The ability to quickly and efficiently clear title issues from a property is key to maximizing the value of a property in a sale transaction. When traditional techniques do not resolve title issues, the value of a pending, or potential sale transaction can be substantially damaged or wholly lost. There are several types of specialized Court-Supervised proceedings that can be tailored towards resolving various title and transactional issues in a pending or potential sale.
One technique often utilized is a Court-supervised proceeding as provided by R.I.G.L. §34-16-1 et. seq. (the “Quiet Title Act”). The Quiet Title Act provides in part that “any person or persons claiming title to real estate, which title is based upon or has come through a deed of a tax collector or town or city treasurer upon sale of real estate for the collection of taxes, assessments, or municipal liens of any kind, or of a sheriff on execution sale, or any deed, grant, or conveyance given under judicial proceedings, or otherwise, the validity of which depends upon notice of any kind, may, although his or her title to the real estate is undisputed, bring a civil action against the person or persons whose title and interest, or either, were sold out under the sale or proceedings, and against any other persons that may be interested in the real estate because of the sale or proceedings or the giving of such a deed to determine the validity of the title or estate of the person or persons therein, to remove any cloud thereon, and to affirm and quiet the possession and title of the person or persons…”
In Rhode Island, the Quiet Title Act process allows a party claiming ownership in real estate to petition the Superior Court to remove liens, clouds, or other encumbrances from the real estate. In this process, the focus is on removing discreet, identifiable encumbrances from the title, often to allow a pending sale transaction to proceed to a closing.
When a sale is not already pending, another form of Court-Supervised proceeding is an equitable form of Receivership. An equitable Receivership is, in part, another form of proceeding to quiet title to a property. In this proceeding, the petitioning party seeks to remove the encumbrances from title. A primary distinction between a quiet title action and this type of equitable Receivership, is that the in an equitable Receivership, the process allows for a competitive marketing and sale process for the real estate; the goal being to maximize the value of the real estate.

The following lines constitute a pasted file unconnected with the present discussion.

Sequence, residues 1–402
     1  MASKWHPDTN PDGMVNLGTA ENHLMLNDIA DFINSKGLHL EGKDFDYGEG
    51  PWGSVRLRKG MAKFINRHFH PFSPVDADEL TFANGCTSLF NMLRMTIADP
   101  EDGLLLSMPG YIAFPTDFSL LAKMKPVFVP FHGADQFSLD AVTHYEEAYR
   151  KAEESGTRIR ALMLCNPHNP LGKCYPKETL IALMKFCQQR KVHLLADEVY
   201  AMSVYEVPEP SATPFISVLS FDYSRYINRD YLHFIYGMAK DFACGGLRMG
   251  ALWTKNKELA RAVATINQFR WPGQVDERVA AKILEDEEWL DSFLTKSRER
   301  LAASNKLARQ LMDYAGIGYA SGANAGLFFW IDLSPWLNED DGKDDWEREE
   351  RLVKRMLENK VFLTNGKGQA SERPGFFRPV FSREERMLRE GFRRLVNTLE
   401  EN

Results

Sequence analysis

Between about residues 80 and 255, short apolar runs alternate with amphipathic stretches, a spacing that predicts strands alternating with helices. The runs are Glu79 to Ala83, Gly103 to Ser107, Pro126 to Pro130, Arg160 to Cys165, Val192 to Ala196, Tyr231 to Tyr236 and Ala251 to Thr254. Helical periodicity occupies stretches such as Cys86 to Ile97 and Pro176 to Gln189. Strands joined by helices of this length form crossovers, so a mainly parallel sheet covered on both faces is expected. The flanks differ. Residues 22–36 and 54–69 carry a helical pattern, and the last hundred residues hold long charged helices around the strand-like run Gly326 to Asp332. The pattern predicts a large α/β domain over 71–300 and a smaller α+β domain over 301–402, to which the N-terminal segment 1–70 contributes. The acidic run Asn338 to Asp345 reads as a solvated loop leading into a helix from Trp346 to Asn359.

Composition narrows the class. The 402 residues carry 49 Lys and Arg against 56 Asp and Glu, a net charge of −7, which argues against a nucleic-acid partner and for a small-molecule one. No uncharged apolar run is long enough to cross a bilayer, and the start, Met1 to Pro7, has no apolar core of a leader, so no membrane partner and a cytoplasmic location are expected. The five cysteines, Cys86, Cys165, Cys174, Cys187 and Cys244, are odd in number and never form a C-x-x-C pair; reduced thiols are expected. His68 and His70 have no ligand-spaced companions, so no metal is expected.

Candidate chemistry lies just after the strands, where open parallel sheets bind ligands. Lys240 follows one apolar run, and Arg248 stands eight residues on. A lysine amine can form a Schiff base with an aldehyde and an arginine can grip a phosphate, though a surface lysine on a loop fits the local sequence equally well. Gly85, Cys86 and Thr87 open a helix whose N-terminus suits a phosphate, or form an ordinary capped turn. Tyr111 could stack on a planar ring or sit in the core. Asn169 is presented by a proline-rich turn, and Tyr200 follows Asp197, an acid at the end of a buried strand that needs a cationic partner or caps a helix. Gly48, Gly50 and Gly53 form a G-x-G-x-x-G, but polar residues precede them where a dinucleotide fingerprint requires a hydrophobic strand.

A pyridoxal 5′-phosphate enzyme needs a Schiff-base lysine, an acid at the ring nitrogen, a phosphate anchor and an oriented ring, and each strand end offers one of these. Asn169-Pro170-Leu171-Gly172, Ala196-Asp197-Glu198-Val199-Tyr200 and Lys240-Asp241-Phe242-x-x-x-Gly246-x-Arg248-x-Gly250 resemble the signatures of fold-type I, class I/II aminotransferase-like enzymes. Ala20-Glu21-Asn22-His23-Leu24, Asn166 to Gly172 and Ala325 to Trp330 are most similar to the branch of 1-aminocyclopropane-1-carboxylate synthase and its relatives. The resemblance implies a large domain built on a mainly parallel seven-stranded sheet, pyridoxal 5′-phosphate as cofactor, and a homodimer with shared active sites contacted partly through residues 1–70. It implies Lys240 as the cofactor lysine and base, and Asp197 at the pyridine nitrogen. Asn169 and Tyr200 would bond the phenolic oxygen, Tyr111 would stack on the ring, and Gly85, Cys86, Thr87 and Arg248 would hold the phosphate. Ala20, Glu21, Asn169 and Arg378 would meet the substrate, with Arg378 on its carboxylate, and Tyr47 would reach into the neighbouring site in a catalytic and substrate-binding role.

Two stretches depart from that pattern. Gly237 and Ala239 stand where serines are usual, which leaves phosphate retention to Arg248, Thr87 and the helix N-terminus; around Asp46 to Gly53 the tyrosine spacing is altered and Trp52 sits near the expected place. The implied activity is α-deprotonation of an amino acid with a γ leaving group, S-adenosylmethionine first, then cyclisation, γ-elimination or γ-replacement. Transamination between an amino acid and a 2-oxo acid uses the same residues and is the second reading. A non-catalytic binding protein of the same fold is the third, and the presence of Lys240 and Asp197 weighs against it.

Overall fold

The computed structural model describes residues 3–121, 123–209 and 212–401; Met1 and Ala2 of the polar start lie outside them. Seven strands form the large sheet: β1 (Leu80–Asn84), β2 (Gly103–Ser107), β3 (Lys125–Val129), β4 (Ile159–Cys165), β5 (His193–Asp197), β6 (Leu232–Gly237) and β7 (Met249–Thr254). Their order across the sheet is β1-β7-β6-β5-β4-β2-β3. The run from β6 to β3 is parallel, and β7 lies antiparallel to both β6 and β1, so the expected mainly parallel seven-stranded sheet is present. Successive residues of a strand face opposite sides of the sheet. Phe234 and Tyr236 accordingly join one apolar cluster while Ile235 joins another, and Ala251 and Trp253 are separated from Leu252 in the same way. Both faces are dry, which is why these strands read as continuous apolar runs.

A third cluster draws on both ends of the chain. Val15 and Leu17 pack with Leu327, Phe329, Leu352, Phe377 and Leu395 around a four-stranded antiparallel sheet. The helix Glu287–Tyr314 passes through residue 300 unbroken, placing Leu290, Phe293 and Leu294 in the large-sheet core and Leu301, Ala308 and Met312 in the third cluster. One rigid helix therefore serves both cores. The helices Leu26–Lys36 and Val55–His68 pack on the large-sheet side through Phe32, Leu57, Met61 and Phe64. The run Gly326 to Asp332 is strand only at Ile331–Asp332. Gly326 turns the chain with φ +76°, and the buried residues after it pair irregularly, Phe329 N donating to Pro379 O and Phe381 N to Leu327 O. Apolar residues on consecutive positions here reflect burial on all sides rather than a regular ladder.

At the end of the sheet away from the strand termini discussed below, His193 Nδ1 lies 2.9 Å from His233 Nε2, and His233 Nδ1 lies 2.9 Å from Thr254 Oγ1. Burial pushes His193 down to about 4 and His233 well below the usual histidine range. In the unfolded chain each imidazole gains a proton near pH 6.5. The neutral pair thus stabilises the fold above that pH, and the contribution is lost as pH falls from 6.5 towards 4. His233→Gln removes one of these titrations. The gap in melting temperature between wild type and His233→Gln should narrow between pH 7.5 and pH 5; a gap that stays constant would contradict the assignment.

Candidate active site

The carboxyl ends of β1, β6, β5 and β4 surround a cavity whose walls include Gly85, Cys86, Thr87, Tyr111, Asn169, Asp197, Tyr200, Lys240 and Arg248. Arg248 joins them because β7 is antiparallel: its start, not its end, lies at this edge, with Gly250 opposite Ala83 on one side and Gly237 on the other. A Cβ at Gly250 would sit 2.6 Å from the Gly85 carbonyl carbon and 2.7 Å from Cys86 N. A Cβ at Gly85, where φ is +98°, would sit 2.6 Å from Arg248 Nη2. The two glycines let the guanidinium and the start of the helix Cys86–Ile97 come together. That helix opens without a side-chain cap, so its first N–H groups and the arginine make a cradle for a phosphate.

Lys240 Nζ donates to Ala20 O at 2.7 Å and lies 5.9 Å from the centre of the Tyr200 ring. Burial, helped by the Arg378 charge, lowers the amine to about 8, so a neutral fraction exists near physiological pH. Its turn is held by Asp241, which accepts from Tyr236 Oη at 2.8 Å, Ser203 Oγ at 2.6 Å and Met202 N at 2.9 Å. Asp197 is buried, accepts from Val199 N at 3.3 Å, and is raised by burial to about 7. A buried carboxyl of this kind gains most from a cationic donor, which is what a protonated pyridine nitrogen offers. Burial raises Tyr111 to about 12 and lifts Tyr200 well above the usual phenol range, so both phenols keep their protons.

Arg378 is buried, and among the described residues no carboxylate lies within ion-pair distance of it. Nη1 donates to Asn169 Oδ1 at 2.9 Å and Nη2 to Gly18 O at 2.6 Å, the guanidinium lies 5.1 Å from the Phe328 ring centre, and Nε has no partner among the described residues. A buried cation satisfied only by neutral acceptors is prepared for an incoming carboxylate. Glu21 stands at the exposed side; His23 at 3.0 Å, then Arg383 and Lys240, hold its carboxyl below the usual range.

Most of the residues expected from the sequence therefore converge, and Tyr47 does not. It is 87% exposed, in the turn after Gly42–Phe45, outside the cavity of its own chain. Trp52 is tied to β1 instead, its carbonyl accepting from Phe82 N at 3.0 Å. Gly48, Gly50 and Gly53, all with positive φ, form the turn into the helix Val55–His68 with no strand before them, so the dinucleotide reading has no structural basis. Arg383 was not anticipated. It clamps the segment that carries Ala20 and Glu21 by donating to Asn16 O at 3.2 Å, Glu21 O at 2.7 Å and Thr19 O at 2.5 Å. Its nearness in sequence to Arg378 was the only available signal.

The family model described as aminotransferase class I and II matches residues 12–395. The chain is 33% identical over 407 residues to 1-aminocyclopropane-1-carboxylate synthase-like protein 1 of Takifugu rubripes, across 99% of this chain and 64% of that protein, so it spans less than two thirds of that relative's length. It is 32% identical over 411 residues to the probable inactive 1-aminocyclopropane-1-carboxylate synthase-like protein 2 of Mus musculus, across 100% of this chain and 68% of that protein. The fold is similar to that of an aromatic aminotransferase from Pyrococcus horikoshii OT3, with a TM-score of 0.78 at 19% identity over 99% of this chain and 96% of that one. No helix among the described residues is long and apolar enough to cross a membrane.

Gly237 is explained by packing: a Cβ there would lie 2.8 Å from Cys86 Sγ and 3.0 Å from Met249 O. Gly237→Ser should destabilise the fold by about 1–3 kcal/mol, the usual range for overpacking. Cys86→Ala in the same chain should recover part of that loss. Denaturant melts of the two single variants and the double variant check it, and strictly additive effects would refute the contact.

This process can be particularly beneficial where the encumbrances on the title have prevented the property from being actively marketed. Further, the competitive sale process has been extremely successful in creating value for all stakeholders, including equity owners. This process can be efficient from a cost and time perspective in advancing a pending sale to a successful conclusion.
Another form of Court-Supervised proceeding is an equitable Mastership. In this context, there may or may not be a pending sale transaction. In either scenario, the ability to convey the real estate has been stalled due to title and other transactional issues (i.e. personal or corporate tax filings, good standing certificates, inability to provide corporate authority, etc.) between the seller and prospective buyer. In this situation, the Court-Supervised process can be beneficial in appointing a Special Master to address both the title and other transactional issues, preventing a closing from occurring. In this context, the Court-Supervised proceeding preserves the value in the sale process to the benefit of all parties involved.
In any of the above examples, when utilized, these types of specialized Court-Supervised proceedings can be an efficient tool in resolving title and transactional issues that otherwise prevent a property from being marketed and reaching a successful sale.
John Dorsey Jr., Esq., is an attorney with Ferrucci Russo P.C., Providence, R.I.